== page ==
Veloz and Yolanda
Frank Veloz (1906–1981) and Yolanda Casazza (1908–1995) were a self-taught American ballroom dance team, husband and wife, who became stars in the 1930s and 1940s, and were among the highest paid dance acts during that era. They performed on stage in productions such as Hot-Cha!, which ran for 119 shows on Broadway in 1932. They also appeared in popular films such as Under the Pampas Moon (1935), The Pride of the Yankees (1942), Honeymoon Lodge (1943), Brazil (1944) and The Thrill of Brazil (1946), the latter of which is credited as being of major importance to the growth in popularity of Samba in America.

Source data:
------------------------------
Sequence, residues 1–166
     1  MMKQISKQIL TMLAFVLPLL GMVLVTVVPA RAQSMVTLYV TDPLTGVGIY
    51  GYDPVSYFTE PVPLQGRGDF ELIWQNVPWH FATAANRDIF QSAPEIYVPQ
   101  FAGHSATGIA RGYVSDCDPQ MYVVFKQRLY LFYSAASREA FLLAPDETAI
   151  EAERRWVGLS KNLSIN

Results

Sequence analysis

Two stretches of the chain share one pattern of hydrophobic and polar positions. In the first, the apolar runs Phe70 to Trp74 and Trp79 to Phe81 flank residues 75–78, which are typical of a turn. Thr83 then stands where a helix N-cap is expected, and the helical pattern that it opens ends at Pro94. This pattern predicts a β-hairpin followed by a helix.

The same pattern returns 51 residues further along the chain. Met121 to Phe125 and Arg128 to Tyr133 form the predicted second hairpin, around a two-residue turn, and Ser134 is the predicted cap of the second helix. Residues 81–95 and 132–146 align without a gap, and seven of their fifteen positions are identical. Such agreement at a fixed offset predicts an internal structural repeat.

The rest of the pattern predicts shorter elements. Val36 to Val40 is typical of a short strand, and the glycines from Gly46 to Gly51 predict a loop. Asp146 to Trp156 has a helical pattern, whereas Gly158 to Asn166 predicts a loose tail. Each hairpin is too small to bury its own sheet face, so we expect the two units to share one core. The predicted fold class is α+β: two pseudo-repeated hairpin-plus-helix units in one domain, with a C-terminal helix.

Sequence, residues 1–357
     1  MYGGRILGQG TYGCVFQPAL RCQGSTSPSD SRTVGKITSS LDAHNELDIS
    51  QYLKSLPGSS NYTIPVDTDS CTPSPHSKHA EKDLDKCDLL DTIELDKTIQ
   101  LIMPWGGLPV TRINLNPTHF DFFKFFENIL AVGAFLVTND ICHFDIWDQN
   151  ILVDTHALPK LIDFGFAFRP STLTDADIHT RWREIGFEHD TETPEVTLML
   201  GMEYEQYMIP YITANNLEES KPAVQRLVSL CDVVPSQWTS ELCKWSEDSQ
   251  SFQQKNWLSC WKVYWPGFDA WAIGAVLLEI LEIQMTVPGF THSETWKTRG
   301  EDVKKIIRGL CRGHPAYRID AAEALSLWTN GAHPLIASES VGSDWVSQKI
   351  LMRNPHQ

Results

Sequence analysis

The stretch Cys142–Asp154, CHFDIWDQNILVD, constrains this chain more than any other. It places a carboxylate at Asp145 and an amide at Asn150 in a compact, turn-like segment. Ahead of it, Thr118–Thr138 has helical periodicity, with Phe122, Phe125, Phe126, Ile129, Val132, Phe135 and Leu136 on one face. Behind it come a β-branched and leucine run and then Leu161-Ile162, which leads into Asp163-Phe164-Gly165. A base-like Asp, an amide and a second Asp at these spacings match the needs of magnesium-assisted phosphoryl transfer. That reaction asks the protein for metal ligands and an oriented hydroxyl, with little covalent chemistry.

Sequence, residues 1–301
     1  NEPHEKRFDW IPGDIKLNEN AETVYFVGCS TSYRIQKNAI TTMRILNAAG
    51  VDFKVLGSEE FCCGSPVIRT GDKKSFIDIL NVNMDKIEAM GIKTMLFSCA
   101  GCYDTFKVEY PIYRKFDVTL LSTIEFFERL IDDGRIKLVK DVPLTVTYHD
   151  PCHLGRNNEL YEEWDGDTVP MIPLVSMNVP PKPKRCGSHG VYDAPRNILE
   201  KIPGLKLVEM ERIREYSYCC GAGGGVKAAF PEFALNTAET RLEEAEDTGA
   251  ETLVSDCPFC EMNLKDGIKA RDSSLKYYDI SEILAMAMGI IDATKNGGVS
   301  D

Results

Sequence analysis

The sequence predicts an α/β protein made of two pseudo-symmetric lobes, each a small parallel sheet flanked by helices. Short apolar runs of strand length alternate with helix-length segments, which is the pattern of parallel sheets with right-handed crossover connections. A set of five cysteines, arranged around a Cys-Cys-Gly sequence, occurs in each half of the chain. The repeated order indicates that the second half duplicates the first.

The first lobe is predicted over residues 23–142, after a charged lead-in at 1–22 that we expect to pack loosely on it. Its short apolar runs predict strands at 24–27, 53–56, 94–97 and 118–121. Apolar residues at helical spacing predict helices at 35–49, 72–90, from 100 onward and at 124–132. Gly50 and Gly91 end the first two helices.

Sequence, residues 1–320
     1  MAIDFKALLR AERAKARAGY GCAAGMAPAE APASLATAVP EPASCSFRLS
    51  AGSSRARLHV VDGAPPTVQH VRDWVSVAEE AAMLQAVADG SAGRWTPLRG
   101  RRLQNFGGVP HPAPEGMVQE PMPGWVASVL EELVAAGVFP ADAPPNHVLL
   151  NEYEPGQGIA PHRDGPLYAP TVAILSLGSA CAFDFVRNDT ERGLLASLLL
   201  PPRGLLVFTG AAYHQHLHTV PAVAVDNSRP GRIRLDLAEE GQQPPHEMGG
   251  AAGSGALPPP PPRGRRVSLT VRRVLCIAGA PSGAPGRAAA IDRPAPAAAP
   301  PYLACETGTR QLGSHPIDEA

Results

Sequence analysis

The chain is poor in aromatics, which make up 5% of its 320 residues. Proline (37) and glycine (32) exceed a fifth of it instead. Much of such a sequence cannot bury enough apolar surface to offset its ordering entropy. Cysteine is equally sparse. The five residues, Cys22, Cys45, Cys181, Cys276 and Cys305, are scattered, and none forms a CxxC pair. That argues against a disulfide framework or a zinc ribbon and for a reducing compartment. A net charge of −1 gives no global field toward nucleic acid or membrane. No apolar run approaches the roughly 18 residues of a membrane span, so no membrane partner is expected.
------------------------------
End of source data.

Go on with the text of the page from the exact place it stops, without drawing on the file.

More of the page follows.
Veloz and Yolanda specialized in Latin ballroom dance styles, and opened their own chain of dance studios, where many middle-class people learned the art of ballroom dancing. The studios closed down in the mid-1950s as new forms of dance became popular. Veloz and Yolanda did much to legitimize ballroom dance as a performance art and invented the "Cobra Tango", a dance which interpreted a fight between a snake and a tiger. A full-length ballet written by their son Guy Veloz, An American Tango, is based on their life story.